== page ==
Sony a6000 Review – A Pro’s Perspective
This guest post is by Alex Waetzel, a photographer in Germany who blogs on his Passport and Lenses website. Visit is site for more of his great writing and photography. This a6000 Review has been edited for Sony Mirrorless Pro.
Until July of this year i was a true DSLR lover and user. I never bothered with anything else but a old trusty camera with a flipping mirror inside.
In the middle of the year I did some planning for upcoming trips that would take me across the globe. This reminded me of my last trip to Thailand in late 2013 where I was lugging around my Think Tank messenger bag loaded with two Nikon full frame DSLRs and three lenses with one of them being a 70-200/2.8—and reminded me of the accompanying pain in my back at the end of the day.
With the idea of having a small, compact, yet powerful set-up to take with me to varying trips to London, Spain, Thailand and finally Cape Town slowly building up in my mind, I decided to dive head-on into the mirrorless world.
At first I was taking a look at the low-budget offerings from Fuji (XE-1) and Olympus (OMD EM10). I was quite impressed what Olympus can deliver with the tiny sensor cramped into an even tinier body after just a few minutes of fiddling around in front of my local camera store (www.fotohaus-klinger.de).
So I decided to give the Olympus a chance and they were kind enough to send me the camera with two lenses to take a look. Overall this camera is able to pack quite a punch into a tiny package but it didn’t convince me after all because the body is too small body and has sluggish autofocus performance! I sent it back and came across the Sony a6000, which was quite new at that time. I ordered it via Amazon as an impulse and never regretted it for a second!
Features and Build
Overall it’s a rangefinder style mirrorless camera with EVF located on the left-hand backside, right above the tilting display. Event though it’s not the highest resolution EVF on the market it does the job and it made me miss all the available information on mirrorless when switching back to a DSLR.
It houses a 24 MP sensor with on-sensor phase detection AF with an incredible amount of focus points covering nearly all of the sensor’s surface. It is capable of shooting up 11 frames per second—though it takes quite a while until all these files have cleared the buffer making the camera lock up pretty quick.
Overall the design of the Sony a6000 can be described as streamlined, almost featureless at the front and lots of dials and buttons at the back. All of these buttons are fitted on the right hand side around the comfortable rubber thumbrest so operating the camera single handed comes at ease. The grip protruding at the front is massive for the camera’s overall size which makes it very comfortable to hold even over longer periods of time.
In general, using this camera is quite easy even though not as intuitive as a DSLR. It is indeed very technical with all the stuff you can do and a high level of customization. But Once you get used to it, it lets you navigate through the menu system in a breeze configuring the camera to your special shooting needs!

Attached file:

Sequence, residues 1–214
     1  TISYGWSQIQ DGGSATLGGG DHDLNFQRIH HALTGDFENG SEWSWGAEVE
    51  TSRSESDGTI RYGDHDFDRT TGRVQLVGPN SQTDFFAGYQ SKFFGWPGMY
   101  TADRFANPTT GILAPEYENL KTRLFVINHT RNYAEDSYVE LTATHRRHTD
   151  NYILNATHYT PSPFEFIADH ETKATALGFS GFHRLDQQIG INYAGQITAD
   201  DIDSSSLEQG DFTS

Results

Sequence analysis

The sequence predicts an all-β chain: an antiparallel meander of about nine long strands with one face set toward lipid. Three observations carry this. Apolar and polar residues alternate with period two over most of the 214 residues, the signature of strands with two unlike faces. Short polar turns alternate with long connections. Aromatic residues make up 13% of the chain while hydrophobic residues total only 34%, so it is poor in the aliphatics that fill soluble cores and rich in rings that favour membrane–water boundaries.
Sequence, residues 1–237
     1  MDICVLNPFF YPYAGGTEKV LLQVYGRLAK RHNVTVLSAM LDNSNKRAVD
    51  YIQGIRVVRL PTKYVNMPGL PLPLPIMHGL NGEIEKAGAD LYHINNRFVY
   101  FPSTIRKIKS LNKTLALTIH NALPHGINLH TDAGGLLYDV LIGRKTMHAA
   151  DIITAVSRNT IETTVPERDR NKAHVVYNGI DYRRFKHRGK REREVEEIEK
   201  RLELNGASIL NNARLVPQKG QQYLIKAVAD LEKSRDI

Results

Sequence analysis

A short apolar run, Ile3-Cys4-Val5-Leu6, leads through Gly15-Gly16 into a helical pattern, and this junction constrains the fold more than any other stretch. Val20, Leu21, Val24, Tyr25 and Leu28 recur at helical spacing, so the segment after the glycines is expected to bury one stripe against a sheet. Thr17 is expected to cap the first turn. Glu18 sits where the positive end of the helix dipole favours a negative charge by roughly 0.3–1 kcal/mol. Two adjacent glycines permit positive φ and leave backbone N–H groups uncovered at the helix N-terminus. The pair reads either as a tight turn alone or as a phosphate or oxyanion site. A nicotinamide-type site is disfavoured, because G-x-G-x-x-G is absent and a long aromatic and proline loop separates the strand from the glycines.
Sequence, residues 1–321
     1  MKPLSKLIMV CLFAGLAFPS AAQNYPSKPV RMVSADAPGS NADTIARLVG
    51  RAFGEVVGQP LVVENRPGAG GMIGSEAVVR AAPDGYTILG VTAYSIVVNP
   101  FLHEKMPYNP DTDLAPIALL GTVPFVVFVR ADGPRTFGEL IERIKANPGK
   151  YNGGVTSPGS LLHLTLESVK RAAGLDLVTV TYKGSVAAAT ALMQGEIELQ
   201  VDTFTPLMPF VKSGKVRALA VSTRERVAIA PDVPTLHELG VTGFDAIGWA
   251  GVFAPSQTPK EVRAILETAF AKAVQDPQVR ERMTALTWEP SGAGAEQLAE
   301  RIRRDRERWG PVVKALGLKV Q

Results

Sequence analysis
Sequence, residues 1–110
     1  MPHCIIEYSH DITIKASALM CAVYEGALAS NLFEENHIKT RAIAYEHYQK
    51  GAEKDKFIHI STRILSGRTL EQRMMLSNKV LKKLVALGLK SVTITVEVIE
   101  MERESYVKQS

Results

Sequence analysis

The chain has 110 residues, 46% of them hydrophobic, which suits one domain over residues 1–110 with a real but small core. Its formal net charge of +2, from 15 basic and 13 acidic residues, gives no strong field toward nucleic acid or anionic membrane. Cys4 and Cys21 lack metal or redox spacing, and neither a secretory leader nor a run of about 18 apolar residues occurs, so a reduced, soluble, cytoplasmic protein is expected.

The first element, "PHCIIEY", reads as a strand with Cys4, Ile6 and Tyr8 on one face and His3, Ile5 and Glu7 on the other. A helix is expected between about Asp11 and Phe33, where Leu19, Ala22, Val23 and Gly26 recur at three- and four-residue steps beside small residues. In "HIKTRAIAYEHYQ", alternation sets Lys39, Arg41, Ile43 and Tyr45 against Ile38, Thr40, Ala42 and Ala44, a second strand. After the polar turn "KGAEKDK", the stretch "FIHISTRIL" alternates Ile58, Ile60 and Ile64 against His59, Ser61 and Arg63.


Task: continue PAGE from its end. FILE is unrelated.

A few more words about the AF-System as it’s actually quite amazing. Whether you’re using SingleShot mode with a selective focuspoint (you can choose between three sizes) or continuous Af with zone focusing, it never lets you down. The camera locks on subjects almost instantly without any hunting. In low light you need a bit more patience, since it can take a moment or two until the camera sets focus, but it always does and it’s mostly accurate.
That being said I photographed a Christmas party at ISO 10000 and overall got all the shots I wanted. And please show me a DSLR that focuses without any hesitation in a room lit mostly by candles.
Truth to be told this camera is great to use. It has a great AF system, it captures 11 frames per second, it has WiFi and a host of other features but where it shines and stands out is in image quality.
When going through the files and tweaking them in my usual Lightroom workflow I forgot I was using $600 APS-C camera. Dynamic range and ISO performance is just great and did not make me miss a full frame sensor for a second. With the right glass in front of the camera it can deliver stellar sharpness. Sure there is some grain above ISO 320,0 buts it’s pleasant and I rarely shoot above that.
The camera has become my daily companion over the last several months. Its size and weight make it the perfect camera to throw in your bag and take with you wherever you go.
I shoot quite a lot of pictures for my stock agency with it and even use it for some of my personal portfolio work. It came quite close to becoming my main camera, making me leave my Nikon D600 at home on more than one occasion. It packs a bunch of useful features and the amazing IQ in a affordable body backed by good quality lenses that won’t stretch your budget too much.
For me it’s also the perfect travel camera, letting you share your shots on Instagram or Facebook in an instant using the wifi functionality.
It even made me switch systems, ditching my D600 for a Sony a7.
So all in all this camera performs remarkably well in every area making it quite a winner for amateurs and enthusiasts alike aswell as pros looking for a more portable solution to back up their main shooting setup!
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My daily shooter is Sony a9 II with a vertical grip and various Sony lenses attached like the FE 20mm F1.8. Find more gear recommendations in our shop. As an Amazon Associate I earn from qualifying purchases.